Football: Indonesia FA denies graft in 10-0 rout

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  • Saturday, March 3, 2012
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    Bahrain players (above) consoling each other on Wednesday after learning that their 10-0 victory over Indonesia would not be enough for their team to advance in the 2014 World Cup qualifiers.
    JAKARTA, March 2, 2012 (AFP) - Indonesian football authorities on Friday denied any foul play in the national team's 10-0 thrashing by Bahrain, after world governing body FIFA announced an inquiry and fans expressed outrage.
    The Gulf side needed to win Wednesday's match in Manama by nine goals to have any hope of making the last round of Asian zone qualifiers for the 2014 World Cup, while Indonesia had already been eliminated from the tournament.
    Indonesia's football association (PSSI) has long been mired in graft scandals, but the head of its disciplinary committee Bernhard Limbong told AFP there was "no way" corruption was involved in the remarkable scoreline.
    "I know because I was involved in organising the match. If anyone did that, they would be a traitor to Indonesia.
    "I would like to apologise to the whole nation for the defeat and for making Indonesia look like a total loser."
    Before the game the teams had a head-to-head record of two wins apiece and two draws, but Indonesia were humiliated in Manama by a flurry of goals after their goalkeeper was sent off two minutes into the match.
    Bahraini players Mohammed Tayeb and Sayid Dhiya both scored hat-tricks, delighting their manager Peter Taylor, a former England international and caretaker coach of the national team.
    FIFA said it was mounting its investigation "given the unusual outcome in relation to the results-expectation and head-to-head history and in the interests of maintaining unequivocal confidence in our game".
    Limbong said: "We welcome FIFA to carry out the required investigation on the matter. If there is any evidence to prove that corruption was involved, please let us know. But please don't jump to conclusions."
    He added that the PSSI would complain to FIFA about their goalkeeper's sending-off.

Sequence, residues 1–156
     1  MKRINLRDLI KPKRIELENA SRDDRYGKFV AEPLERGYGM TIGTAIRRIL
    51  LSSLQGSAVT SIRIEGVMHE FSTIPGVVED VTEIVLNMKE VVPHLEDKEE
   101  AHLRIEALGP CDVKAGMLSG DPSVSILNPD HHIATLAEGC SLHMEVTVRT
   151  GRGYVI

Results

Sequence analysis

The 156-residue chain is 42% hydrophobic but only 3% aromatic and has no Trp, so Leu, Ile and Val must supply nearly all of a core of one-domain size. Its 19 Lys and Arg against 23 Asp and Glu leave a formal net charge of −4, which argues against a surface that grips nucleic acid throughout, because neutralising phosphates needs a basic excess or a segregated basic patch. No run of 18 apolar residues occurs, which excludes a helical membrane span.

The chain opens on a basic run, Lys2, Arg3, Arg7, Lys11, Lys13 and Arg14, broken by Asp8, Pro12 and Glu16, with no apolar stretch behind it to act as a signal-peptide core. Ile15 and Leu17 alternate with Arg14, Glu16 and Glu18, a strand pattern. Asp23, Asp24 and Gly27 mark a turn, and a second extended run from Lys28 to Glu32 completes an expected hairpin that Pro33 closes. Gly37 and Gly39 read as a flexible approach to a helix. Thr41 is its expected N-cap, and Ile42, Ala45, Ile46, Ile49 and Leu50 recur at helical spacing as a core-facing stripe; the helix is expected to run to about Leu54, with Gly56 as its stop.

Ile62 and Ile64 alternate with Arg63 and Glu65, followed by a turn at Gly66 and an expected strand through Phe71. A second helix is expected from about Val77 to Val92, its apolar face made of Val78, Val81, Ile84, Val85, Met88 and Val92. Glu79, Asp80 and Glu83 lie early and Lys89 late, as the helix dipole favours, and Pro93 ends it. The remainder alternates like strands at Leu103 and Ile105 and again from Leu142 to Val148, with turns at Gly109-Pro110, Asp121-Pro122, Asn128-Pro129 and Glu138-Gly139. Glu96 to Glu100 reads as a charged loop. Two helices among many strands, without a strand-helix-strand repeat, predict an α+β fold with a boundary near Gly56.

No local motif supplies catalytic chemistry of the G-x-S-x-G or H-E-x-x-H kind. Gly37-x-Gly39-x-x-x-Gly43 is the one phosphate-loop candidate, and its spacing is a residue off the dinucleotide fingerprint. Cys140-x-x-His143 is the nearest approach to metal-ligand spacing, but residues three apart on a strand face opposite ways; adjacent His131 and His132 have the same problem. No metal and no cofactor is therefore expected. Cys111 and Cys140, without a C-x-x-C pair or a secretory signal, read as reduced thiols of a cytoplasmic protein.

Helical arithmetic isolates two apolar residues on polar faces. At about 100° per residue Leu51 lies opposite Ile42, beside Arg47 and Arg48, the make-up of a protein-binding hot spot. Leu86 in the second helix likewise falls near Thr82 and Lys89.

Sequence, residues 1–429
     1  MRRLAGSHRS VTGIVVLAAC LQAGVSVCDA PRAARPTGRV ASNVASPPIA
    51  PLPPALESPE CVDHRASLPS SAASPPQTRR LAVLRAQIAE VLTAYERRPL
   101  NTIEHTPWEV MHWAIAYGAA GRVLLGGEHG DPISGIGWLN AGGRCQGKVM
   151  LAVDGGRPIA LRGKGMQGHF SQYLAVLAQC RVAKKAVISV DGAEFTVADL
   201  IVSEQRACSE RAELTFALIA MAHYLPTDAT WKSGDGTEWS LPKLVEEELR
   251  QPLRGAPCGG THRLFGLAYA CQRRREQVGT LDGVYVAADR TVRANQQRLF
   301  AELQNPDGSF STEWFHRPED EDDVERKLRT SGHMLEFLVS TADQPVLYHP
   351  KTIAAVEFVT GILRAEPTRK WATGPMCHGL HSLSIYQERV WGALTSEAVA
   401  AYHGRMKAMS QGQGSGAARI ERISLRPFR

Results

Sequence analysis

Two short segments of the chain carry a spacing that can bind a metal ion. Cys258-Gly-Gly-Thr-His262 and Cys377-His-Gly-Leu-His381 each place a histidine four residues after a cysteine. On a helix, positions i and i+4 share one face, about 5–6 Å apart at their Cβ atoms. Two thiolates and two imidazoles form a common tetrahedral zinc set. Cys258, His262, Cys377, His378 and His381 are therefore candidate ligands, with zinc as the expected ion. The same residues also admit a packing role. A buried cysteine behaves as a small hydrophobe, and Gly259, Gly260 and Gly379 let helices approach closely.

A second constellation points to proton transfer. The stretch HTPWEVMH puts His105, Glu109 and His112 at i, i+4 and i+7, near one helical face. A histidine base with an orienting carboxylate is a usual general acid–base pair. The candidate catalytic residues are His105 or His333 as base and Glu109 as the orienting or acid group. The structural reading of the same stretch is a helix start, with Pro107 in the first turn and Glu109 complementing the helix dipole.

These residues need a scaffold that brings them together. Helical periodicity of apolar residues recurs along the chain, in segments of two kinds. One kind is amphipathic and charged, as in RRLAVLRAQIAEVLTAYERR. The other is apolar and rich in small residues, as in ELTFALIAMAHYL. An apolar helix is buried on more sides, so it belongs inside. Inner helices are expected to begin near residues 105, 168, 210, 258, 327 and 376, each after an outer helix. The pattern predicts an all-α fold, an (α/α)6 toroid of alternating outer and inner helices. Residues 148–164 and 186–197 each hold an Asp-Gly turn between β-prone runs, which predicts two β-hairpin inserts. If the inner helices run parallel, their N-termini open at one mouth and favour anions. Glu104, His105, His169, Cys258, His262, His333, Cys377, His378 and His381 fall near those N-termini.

In the event the result was academic, with Bahrain's rivals Qatar going through with a goal four minutes from time in Tehran earning them a 2-2 draw with Iran.
    But the drubbing stirred ridicule in Indonesia, with many taking to Twitter to deride the national team.
    "Wait, 10-0 Bahrain vs Indonesia. Is this football as in 'soccer', right? Not 'American' football," avianto tweeted in English.
    The PSSI has come under fire in recent years over corruption allegations, leadership tussles and most recently a breakaway elite league that prompted threats of sanctions by FIFA and the Asian Football Confederation (AFC).
    AFC general secretary Alex Soosay attributed Wednesday's freak result to Bahrain being the better side.
    "I have read the media reports about suspicions of match-fixing. I am confident that none of our teams are involved in this. Bahrain were the better team both tactically and technically," he said in statement late Friday.
    He also gave assurances that the AFC was able to tackle the scourge of corruption that has undermined Asian football.
    "We are very serious about stamping out this menace. We are very vigilant," he added.
    Indonesia's former PSSI chairman Nurdin Halid, who had been implicated in several graft cases, was ousted from his post in a no-confidence vote last year, leaving the feuding football body without leadership for months.
    FIFA was forced to intervene and threaten Indonesia with sanctions until it elected a new head.
    Indonesian football was again plunged into disarray in November when a breakaway elite league, Liga Super, was revived triggering a row with the official Liga Prima.
    The AFC has given Indonesia until March 18 to resolve the issue or face a suspension.
    Indonesia's coordinating minister for the economy Hatta Rajasa said he hoped the national side's mauling on Wednesday would embarrass the troubled sporting body to reform.
    "Indonesian football needs to be better managed and better regulated," Rajasa said. "It's sad to see a score of 10-0. It's not basketball, it's football."


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